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The Year Of Trafalgar

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Length: 168 pages3 hours

Summary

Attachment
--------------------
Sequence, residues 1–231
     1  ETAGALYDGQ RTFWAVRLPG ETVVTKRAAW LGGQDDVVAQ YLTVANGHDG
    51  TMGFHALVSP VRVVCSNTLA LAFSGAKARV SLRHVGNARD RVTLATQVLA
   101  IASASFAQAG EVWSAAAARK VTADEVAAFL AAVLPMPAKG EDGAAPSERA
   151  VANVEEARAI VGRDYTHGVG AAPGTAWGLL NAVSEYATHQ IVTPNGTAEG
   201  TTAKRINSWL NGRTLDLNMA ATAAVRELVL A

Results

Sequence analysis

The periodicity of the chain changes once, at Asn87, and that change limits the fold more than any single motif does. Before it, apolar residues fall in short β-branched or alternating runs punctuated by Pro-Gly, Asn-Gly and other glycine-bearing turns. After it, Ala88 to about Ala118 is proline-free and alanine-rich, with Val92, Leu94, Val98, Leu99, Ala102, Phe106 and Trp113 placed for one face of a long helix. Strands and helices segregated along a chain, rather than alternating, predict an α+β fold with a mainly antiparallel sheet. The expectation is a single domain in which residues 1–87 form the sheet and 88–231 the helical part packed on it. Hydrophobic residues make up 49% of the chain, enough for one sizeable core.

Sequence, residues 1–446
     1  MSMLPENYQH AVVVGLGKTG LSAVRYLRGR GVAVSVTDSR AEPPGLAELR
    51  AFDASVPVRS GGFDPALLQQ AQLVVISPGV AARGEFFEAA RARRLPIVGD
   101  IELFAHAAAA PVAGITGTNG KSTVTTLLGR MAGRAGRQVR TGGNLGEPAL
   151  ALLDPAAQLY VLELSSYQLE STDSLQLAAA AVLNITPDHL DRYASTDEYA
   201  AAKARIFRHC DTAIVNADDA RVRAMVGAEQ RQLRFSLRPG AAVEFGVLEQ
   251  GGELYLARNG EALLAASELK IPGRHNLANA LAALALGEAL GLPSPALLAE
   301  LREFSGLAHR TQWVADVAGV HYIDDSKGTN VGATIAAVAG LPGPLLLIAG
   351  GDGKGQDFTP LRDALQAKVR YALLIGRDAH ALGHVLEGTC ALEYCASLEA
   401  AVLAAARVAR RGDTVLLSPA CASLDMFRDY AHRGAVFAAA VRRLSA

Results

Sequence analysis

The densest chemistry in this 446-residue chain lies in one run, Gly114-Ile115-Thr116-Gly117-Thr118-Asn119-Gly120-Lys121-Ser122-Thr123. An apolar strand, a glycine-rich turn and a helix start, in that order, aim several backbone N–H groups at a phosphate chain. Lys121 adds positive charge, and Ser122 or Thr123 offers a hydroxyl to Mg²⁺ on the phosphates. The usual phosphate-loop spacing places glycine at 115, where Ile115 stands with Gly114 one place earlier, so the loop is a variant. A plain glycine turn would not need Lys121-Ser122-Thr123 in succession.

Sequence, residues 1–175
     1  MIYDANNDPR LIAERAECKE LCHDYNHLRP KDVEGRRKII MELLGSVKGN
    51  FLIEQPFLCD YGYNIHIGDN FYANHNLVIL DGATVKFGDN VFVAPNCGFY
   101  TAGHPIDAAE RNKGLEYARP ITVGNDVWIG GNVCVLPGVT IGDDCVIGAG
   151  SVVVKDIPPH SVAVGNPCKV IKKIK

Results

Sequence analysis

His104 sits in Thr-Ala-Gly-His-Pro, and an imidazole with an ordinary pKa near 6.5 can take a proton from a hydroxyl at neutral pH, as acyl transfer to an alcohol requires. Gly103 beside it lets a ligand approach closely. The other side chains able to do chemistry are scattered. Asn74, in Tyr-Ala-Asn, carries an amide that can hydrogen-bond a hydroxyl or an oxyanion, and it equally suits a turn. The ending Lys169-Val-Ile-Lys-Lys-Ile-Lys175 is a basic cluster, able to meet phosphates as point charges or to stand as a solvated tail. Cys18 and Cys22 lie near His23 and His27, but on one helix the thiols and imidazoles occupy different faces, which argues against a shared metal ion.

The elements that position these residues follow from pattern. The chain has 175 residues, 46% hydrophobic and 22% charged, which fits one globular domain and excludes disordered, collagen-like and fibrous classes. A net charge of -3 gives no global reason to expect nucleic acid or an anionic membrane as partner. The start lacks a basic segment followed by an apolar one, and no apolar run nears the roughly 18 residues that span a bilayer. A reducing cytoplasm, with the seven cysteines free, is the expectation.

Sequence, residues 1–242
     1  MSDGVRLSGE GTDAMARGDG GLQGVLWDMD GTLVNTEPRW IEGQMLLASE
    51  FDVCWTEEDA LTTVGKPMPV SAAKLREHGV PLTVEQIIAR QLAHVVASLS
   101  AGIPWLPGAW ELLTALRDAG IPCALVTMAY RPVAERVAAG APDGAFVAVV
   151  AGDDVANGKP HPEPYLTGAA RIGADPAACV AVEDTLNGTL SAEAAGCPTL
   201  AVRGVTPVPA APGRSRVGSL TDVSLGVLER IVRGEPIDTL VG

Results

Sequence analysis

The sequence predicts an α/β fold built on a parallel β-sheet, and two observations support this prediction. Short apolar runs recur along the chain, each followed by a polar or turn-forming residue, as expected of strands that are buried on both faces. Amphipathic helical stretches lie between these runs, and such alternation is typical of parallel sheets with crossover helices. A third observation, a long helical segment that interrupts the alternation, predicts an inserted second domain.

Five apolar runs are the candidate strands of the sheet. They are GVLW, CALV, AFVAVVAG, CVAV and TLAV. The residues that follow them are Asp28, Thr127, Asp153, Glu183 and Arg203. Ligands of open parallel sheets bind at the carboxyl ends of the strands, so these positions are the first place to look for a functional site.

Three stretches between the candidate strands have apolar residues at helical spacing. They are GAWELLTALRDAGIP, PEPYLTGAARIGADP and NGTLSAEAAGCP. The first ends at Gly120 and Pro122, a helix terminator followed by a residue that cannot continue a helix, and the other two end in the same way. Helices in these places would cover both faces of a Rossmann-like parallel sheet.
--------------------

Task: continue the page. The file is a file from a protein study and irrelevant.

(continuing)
A happy idea carried to excellent completion by very competent hands is the best description of The Year of Trafalgar, by Henry Newbolt. It is not likely that this year of splendid memory will find a worthier literary tribute than this delightful volume. Mr. Newbolt’s is much more than a familiar story, gracefully retold. He has made an exhaustive study of all the details of the Naval Campaign of 1805, and his narrative is of distinct historical value. As might have been expected, Mr. Newbolt writes with deliberate sobriety and restraint. Great deeds are best told simply, and the last glorious chapter in the life of Nelson needs no literary embellishment. Every danger besetting a task full of difficulty is evaded. He is not laboured, nor pedantic, nor sentimental, but rather tells the great story in a direct and manly way, eminently befitting the subject. His is a book which every boy should read in "Nelson’s year," and no Briton of any age will read it unmoved. It was a happy thought to add to the narrative an anthology of Trafalgar poetry. It is a little curious, as Mr. Newbolt points out, how our greatest warlike achievements have received scant treatment from our poets. The "Victory " has been less fortunate than "The Revenge" or "The Temeraire." Strange that it did not rouse the war-bugle of Campbell to an immortal strain. Of all the verses, Mr. Newbolt’s own are perhaps the best. Some day, we trust, he will give us a song of Nelson to rank in all future patriotic anthologies with his incomparable "Drake’s Drum," "The Fighting Temeraire," and "The Ballad of the Bold Menelaus."—The Bookman 1905.

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